added 10/11/2016 by Greg Thurston
Earlier this week the destruction of Tal's Hill officially commenced. The controversial incline that has been a signature feature of Minute Maid Park since the stadium opened in 2000 (as Enron Field) will give way to seating, concessions, and other fan amenities next season.
The front office unveiled plans to demolish “the berm where fly balls go to die” way back in June of 2015. But when the Astros unexpectedly qualified for the 2015 playoffs, the project was put on hold. Although a shortened window of construction time was cited as the reason for the change of plans, one can't help but wonder if the young team's tremendous success under the existing conditions factored into the decision. I mean... why upset the apple cart?
While a handful of topics were amongst the banter surrounding the reason to make such a change, player safety and a more “fan-friendly” experience were the two that seemed to gain the most traction. But I'm inclined to think an organization at the forefront of decision sciences would view wins and losses as the number one priority when considering a reconfiguration of the playing field. For that reason, it came as no surprise to me that the project was shelved.
When one of your pitchers goes 15-0 with a 1.46 ERA at home, you don't reconfigure the playing field.
When your offense slugs the second-most home runs in the league and your pitchers allow the fewest number of home runs in the league, you don't reconfigure the playing field.
So, you can believe what you want to believe, but I feel pretty confident that the Astros 2015 performance was the basis for the decision to keep Tal's Hill in play for the 2016 season.
Now, fast-forward into the 2016 season and things aren't going so well. Dallas Keuchel is getting lit up at Minute Maid and Astro hitters rank in the middle of the pack in the home run category. New data now suggests that perhaps 2015 was simply an anomaly. Suddenly, the $15 million renovation project is back on.
Keeping the configuration unchanged for the 2016 season seemed like a shrewd move. Unfortunately, the Astros were unable to repeat the success they enjoyed the previous year. Whether or not removing the hill as scheduled would have helped or hindered the club in the win column is strictly guesswork. And, at this point, it is hard to say how the new configuration will affect the 2017 squad.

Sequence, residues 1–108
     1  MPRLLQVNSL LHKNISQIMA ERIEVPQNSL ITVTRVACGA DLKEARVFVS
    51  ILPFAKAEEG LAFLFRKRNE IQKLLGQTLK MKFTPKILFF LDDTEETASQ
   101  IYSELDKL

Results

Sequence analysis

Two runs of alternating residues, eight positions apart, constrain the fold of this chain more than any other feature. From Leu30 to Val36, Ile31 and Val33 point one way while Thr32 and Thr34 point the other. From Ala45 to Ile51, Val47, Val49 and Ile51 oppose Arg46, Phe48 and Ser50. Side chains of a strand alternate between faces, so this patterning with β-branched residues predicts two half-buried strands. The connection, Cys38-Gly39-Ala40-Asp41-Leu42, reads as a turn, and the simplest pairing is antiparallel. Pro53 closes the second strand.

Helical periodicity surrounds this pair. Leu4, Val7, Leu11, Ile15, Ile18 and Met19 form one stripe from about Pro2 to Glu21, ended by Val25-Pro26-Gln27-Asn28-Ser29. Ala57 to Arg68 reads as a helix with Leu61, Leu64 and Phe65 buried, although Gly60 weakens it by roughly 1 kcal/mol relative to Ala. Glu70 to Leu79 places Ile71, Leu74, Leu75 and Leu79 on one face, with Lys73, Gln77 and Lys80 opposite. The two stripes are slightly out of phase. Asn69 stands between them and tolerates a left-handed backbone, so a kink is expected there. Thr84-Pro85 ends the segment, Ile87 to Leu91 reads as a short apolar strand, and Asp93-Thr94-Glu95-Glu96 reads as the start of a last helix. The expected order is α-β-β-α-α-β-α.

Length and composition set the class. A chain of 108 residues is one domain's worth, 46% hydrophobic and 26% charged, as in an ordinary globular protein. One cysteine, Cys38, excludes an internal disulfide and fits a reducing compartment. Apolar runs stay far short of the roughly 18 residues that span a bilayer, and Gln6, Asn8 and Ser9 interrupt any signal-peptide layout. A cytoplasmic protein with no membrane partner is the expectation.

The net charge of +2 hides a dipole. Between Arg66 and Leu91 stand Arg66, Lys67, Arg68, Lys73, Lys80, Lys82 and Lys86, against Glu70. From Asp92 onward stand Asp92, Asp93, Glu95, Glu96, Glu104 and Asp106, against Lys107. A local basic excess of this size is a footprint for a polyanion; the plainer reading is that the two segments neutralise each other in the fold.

There is one thing we do know. The last time the Astros upgraded their venue, the immediate results were disastrous. The team closed down the Astrodome after the 1999 season having won three straight division championships. But in 2000 the club struggled to adapt to the new environment of Enron Field and finished in fourth place with a record of 72-90.
Astros pitchers were ill-prepared to deal with the Crawford Boxes in leftfield, sitting only 315 feet from home plate. The Houston pitching staff surrendered a league worst 234 home runs, an 82% increase over the previous season in the comfortable confines of the 'Dome. Despite smashing a league record 249 homers of their own, (a 48% increase over the 1999 club) the offense simply wasn't able to keep up.
The Astros weren't the only team to move into a new stadium that season. The San Francisco Giants simultaneously opened Pac Bell Park. After losing the first six games in their new digs, the Giants did an about-face, winning 55 of their remaining 75 home games and capturing a division title. The Astros took a little longer to adjust, rebounding in 2001 to make a playoff appearance. As the years continued to pass the Astros' new stadium became less of a home run haven – and there are a number of theories as to why that happened. Pitchers changing the way they attack hitters is one of those theories.
History tells us that adjustments need to be made when parameters change. How long it takes to make those adjustments can be paramount to a team's success. The new ballpark configuration will be one of the many challenges facing the Astros as they embark upon the 2017 season looking build on recent success and get back to the postseason.